Wikipedia – Myers-Briggs Type Indicator

Contrarily, people who prefer sensing are described in that same article as individuals who prefer to trust information that is in the present, tangible, and concrete. For them, the meaning is in the data.

How to bridge that gap?

Well, very obviously it is a real gift if key stakeholders in the process, decision makers, executive management either are intuitive individuals, or can relate to it. This often happens when positive experience had been made in the past. Predictions of intuitive product managers have become true. Even if the suggested actions had not been approved, changes in the market, the competitive landscape, have proven … Continue reading

I have built some nice partnerships, allowing for more scalability and the ability to participate in some really nice projects. Today, I’d like to highlight one of those partners – adyton:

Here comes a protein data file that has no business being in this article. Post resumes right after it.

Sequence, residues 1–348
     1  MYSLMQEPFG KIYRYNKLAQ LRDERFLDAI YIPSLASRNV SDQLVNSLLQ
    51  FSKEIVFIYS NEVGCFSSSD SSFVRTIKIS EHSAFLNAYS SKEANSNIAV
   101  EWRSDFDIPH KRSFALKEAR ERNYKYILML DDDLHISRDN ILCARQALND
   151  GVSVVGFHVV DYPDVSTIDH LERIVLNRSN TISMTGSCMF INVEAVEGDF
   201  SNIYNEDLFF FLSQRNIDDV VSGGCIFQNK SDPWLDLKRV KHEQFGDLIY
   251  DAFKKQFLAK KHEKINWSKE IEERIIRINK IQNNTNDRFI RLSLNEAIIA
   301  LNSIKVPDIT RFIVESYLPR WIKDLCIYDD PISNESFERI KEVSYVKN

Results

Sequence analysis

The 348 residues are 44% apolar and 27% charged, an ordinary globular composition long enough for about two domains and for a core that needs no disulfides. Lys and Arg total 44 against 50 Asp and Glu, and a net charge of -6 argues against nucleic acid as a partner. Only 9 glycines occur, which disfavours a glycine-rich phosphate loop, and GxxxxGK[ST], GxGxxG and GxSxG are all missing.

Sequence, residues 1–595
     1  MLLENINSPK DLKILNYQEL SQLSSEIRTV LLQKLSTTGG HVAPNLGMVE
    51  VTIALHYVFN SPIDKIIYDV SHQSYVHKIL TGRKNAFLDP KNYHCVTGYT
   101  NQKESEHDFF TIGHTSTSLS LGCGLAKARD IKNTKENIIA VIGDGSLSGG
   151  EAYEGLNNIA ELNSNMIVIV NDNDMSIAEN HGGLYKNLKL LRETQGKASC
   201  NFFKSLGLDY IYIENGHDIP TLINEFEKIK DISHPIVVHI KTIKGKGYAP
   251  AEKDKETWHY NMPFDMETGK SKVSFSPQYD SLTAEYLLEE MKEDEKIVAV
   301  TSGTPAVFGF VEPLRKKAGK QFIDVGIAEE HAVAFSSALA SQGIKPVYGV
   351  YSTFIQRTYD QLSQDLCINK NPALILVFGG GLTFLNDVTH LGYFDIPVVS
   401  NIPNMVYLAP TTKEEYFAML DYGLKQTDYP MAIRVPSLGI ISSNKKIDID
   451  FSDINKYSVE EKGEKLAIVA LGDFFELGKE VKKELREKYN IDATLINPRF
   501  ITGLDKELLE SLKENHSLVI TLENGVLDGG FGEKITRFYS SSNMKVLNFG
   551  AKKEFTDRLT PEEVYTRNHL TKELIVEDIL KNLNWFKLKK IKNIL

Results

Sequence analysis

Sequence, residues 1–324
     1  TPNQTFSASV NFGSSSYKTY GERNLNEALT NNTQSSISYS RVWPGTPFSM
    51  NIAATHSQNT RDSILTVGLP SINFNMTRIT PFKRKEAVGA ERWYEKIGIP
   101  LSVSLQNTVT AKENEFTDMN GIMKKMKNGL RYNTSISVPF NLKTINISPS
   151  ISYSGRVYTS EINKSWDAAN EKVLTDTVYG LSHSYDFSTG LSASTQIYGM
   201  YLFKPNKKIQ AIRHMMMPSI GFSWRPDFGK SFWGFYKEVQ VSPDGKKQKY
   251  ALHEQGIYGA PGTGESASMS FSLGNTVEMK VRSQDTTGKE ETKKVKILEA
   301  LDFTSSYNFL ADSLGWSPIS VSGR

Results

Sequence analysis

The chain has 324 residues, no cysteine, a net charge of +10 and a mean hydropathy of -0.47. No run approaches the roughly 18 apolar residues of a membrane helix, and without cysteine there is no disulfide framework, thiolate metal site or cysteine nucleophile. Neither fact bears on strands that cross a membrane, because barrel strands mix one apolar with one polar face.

adyton provides sales and business development services for software companies that need to be successful in the European market. The adyton sales team has extensive international experience in the sale of products and services. They provide access to the Top 500 Decision Makers Network in Europe. They are ideally suited to help you build or expand a European sales team, or as top sales consultants to help you grow your European sales. You can learn more about adyton at http://adyton.de/ or contact me directly for an introduction. … Continue reading

Quality is what I view as a key topic. I cannot count the number of times I’ve seen marketing material that’s been put together in a rush, with a focus on budget and time constraints. Yet, in my view, anything that’s customer facing (web content, collateral, presentations, etc.) is showing how much we truly value the customer. And customers are generally, whether they’re aware of this or not, very much affected by this.